With help from a London coroner, they were able to find a man with no known relations and whose body had gone unclaimed. The man had died from ingesting rat poison, either by accident or with the intent to kill himself. The dose was small enough that it probably took him several painful days to die, but it left few clues as to what had happened to him. 

Their body secured, Cholmondeley and Montagu started on the work of building from scratch the man who it had belonged to, filling his life with little details and his pockets and briefcase with odds and ends. Their creation, Major William “Bill” Martin, Royal Marines, was born in 1907 in Cardiff, Wales. He had a fiancee named Pam, and carried a snapshot of her (really an MI5 clerk) in his pocket. Before his death at sea, he’d purchased a diamond engagement ring from a London jeweler, and still had the receipt on him. He also carried a letter from his father, ticket stubs from the theater, a receipt for a dress shirt, a hotel bill, a St. Christopher medallion, and other items. 

In the early morning hours of April 30, the submarine HMS Seraph surfaced about a mile off the Spanish coast. The crew fitted “Major Martin” with a life jacket, attached his briefcase to his coat, read Psalm 39 over his body and then set it out to drift at sea. Two weeks later, when Martin’s briefcase was returned to England, British intelligence analyzed the letter he’d been tasked to deliver and figured out that the Germans had slyly opened it. They sent a simple confirmation to Winston Churchill of their success: “Mincemeat Swallowed Whole.”

Over the next several weeks, the Germans redistributed their defensive forces in the Mediterranean. Additional minefields were laid down, panzer divisions were rerouted to Greece, and General Erwin Rommel was sent to oversee operations there. On July 9, Allied forces launched Operation Husky and struck at their true target, an under-defended Sicily.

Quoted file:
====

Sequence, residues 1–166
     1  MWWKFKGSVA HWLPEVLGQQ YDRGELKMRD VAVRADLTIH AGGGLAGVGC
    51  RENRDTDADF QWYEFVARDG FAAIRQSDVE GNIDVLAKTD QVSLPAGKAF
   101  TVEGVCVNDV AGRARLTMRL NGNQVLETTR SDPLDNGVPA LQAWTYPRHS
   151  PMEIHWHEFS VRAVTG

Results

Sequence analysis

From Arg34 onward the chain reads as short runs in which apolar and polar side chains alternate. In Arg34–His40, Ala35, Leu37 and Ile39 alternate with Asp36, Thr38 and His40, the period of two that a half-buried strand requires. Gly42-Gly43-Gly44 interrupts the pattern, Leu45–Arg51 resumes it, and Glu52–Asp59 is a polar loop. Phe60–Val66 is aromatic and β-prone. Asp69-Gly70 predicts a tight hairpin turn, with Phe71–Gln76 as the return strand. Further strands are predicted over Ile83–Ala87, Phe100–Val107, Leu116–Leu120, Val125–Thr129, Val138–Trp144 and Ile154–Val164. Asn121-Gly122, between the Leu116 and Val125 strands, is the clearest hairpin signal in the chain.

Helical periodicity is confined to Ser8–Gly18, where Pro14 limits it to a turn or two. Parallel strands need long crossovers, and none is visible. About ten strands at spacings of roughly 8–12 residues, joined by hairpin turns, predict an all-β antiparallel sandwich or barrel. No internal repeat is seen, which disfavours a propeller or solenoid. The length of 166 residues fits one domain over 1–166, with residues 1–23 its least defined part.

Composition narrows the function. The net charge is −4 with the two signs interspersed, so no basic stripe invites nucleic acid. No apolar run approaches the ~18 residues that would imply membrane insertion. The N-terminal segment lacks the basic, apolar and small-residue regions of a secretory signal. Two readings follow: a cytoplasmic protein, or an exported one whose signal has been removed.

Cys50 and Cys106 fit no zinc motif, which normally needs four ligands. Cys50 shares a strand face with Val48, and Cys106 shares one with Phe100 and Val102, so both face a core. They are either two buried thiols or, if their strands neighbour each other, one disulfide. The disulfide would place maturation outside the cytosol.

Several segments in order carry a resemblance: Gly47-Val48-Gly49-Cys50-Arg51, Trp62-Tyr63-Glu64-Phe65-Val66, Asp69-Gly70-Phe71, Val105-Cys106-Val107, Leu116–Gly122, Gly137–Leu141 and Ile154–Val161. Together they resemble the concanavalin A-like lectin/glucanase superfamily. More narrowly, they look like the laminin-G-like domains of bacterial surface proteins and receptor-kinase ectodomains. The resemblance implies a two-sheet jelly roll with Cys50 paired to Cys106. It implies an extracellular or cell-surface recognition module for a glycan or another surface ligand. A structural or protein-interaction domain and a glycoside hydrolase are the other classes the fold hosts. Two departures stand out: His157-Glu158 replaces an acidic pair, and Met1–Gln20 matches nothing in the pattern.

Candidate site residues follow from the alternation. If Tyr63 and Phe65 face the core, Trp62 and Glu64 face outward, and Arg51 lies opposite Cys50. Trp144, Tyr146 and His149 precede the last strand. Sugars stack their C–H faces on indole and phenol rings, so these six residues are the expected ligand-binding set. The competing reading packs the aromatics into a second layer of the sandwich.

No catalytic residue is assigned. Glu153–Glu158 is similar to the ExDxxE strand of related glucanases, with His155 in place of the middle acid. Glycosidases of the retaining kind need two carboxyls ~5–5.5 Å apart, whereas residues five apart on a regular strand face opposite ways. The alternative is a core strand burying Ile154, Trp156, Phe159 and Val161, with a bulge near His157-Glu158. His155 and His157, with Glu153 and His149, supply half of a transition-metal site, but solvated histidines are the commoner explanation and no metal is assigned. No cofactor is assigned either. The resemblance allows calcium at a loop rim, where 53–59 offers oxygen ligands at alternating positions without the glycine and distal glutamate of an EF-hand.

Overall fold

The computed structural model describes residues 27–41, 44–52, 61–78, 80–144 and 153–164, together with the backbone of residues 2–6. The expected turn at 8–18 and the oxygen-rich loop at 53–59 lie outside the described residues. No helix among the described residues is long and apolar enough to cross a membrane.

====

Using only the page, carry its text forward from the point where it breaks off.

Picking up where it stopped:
The Real Major Martin

Mincemeat was a success, and as the story was told and retold and even turned into a movie after the war, one question was on many people’s minds: Who was Major Martin? The picture on Martin’s ID card belonged to MI5 officer Ronnie Reed, that much was known. But who was the poor soul, so hungry or so desperate to die that he’d eaten rat poison, whose body cleared the path to Sicily, and is still buried in Huelva?

There are several candidates. In 1996, a historian named Roger Morgan suggested that Major Martin was really Glyndwr Michael. Originally from Wales, Michael was an alcoholic and was living on the streets of London during the war. On January 26, 1943, he was discovered in an abandoned warehouse and taken to a nearby hospital to treat “acute chemical poisoning” that the doctors attributed to rat poison. He soon died, and his body was kept in the morgue until a family member could be located. In researching a book about Mincemeat more than a decade later, Canadian historian Denis Smyth uncovered additional, previously unseen evidence supporting Morgan’s idea. 

In 2003, filmmaker Colin Gibbon released a documentary making the case that Major Martin was really Tom Martin, a Royal Navy sailor who served aboard the HMS Dasher. In March 1943, the Dasher suffered an internal explosion and sank, losing 379 crew. In their book The Secrets of HMS Dasher, authors John and Noreen Steele claim that it was actually the body of another sailor from the ship, John Melville, who was used in Mincemeat. In 2004, a memorial service was held on another ship currently in service named the Dasher, where the commanding officer of the ship's naval squadron recognized Melville as Martin in a speech.